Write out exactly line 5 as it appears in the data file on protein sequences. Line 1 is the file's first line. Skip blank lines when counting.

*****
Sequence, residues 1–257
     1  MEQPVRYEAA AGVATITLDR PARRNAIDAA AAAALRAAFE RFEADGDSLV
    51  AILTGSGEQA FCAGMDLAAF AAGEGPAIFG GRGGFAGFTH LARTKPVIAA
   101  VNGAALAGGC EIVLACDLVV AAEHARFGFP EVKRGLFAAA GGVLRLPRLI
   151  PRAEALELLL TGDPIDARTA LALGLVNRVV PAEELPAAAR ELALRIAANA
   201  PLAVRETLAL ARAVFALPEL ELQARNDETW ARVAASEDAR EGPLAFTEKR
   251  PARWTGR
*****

   151  PRAEALELLL TGDPIDARTA LALGLVNRVV PAEELPAAAR ELALRIAANA